Lisa Blochwitz, students services director for Columbus School District, talks about bullying incidents and reporting at the Aug. 12 school board meeting at City Hall.

For many parents, making sure their child is safe while in school is a top priority.

Similar to most school districts, Columbus isn’t completely immune to the effects of bullying and harassment, but administrators are working to lower the number of reported incidents.

Lisa Blochwitz, Columbus’ student services director, presented the 2018-19 monitoring report detailing the number of bullying and harassment incidents last year and how staff dealt with them at the Aug. 12 school board meeting at City Hall. Blochwitz would like to see staff become more consistent in its incident reporting. She also talked about what the district defines as bullying and harassment as opposed to teasing.

Blochwitz said the district has a baseline and assesses students’ behavior on five “cares” areas. According to her data, at the elementary school, 75 percent of students averaged a 2.5 grade or better in the five areas. At the middle school, students scored well in the safe and responsible categories but Blochwitz would like to see the score higher.

“I would love to say that 99 percent of our middle schoolers are safe, but that is not accurate data,” Blochwitz said. “I worry about coming back to (the board) next year and having that number lower because I don’t think the reporting has been done intentionally and consistently or has followed some type of process where teachers are looking critically at each student in these areas and accurately assessing.”

Blochwitz said a better rubric should be developed for staff to more consistently document incidents, which will require additional training. She said numbers could dip next year, but it will likely be a reflection of more accurate reporting. Columbus uses the software Infinite Campus to chart safety incidents.

At the high school, according to Blochwitz, 42 disruptive behavior incidents occurred last school year.

“I am hopeful that number will go down now that we’ve defined what disruptive behavior means,” Blochwitz said. “When you see the words ‘disruptive behavior’ we probably all have a different definition of it so my hope is that by enforcing those definitions and immediate corrections we’ve identified we will be coding them more accurately.”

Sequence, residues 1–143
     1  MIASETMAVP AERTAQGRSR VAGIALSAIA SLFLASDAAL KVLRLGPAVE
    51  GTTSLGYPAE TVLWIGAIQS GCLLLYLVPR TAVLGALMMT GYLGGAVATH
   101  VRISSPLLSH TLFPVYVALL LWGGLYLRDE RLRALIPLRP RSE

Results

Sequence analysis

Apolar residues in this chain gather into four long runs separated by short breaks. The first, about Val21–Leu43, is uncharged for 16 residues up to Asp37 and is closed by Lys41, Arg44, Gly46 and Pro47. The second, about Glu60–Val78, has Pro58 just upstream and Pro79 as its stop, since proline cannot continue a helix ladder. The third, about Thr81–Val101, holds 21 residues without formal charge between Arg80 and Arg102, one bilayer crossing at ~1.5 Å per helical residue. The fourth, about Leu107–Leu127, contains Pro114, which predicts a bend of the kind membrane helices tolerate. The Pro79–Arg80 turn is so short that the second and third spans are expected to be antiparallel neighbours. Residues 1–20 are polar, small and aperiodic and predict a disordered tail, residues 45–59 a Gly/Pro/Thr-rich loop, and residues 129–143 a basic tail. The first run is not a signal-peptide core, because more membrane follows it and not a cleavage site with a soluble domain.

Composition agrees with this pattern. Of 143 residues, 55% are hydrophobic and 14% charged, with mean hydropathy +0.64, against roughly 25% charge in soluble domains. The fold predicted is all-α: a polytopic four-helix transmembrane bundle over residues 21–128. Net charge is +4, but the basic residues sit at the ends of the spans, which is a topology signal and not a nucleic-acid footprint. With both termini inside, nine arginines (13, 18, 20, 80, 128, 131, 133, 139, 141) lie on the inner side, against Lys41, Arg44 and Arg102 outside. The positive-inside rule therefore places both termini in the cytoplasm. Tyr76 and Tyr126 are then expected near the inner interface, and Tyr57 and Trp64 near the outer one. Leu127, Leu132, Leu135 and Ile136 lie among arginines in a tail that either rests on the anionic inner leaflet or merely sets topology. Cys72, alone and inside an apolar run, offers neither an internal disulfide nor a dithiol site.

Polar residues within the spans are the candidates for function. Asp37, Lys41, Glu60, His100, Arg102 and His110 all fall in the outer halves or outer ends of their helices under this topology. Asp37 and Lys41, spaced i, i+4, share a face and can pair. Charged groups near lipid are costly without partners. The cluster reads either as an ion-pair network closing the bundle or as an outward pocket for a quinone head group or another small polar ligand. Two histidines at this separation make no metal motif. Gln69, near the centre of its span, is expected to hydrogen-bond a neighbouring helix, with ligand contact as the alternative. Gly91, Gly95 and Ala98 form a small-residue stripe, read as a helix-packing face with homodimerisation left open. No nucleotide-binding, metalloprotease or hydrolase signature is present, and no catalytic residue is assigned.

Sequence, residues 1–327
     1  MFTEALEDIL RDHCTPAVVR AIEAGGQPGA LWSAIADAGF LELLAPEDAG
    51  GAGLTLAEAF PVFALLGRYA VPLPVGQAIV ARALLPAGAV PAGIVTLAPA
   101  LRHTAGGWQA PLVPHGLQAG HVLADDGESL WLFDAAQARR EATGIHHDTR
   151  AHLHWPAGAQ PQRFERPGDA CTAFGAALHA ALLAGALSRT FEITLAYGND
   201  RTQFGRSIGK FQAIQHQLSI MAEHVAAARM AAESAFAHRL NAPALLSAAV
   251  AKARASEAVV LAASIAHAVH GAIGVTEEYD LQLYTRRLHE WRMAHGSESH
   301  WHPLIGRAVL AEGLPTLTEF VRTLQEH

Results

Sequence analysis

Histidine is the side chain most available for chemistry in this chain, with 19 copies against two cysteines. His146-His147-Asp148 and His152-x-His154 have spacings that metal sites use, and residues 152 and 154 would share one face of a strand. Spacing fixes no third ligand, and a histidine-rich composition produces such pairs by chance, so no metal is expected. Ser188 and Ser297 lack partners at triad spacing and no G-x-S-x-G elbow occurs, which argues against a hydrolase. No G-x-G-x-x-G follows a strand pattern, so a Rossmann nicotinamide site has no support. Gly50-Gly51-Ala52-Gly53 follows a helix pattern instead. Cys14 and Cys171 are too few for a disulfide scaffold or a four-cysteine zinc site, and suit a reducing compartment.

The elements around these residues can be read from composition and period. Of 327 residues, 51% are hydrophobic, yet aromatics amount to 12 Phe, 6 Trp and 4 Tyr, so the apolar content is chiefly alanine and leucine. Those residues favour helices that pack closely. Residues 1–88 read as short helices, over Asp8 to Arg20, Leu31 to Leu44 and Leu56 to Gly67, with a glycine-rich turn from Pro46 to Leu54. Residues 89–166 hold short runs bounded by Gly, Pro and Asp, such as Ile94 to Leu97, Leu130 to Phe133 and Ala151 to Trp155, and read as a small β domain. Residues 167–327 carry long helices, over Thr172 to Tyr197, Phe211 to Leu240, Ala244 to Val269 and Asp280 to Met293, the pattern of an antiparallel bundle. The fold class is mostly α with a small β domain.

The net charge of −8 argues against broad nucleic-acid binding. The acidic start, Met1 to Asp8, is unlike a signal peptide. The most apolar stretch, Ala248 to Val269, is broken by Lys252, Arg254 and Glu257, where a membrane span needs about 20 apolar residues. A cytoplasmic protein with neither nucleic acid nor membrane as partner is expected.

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Blochwitz said the district charts bullying incidents through Infinite Campus and a youth risk assessment survey. Through the student survey, about 31 percent of students reported being bullied.

“There are a lot of times we find that students and parents call it bullying what is really teasing or being picked on, and there are different definitions of that,” Blochwitz said. “The definition of bullying is an exertion of power repeated over a course of time. Just because there is one incident when ‘Sam’ is being mean to ‘Johnny,’ that doesn’t mean it’s bullying.”

Blochwitz said students and parents also need more education and information on what defines bullying so incidents are accurately documented. She said the district will work on improving safety education for teachers, students and parents in the upcoming school year.

Blochwitz also discussed the 2018-19 district seclusion and restraint report. She reported seven incidents, involving three students, of seclusion and restraint. She said all incidents took place at the elementary school.

“It is a small number and we’re doing a better job as a district of trying some other tools, supports and strategies for students before we move to seclusion and restraint, which is really our last resort,” Blochwitz said. “We’re also finding the amount of time a child needs to be secluded or restrained is also decreasing, which we like to see.”

According to Blochwitz, seclusion refers to the “confinement of a student,” preventing them from leaving a room. She said it can only be used when there is a clear and imminent risk of the child’s welfare and safety, along with their classmates.’ Restraint refers to immobilizing a student in a non-violent manner, such as using a physical hold to restrict their movement.

Blochwitz said most of the school’s staff receive non-violent crisis training on a yearly basis. District staff members Cori Denk and John Crombie serve as certified trainers. Teachers are also practicing de-escalation techniques to improve the way they handle student behavior outbursts.

Follow Kevin Damask on Twitter @kdamask or contact him at 608-963-7323.

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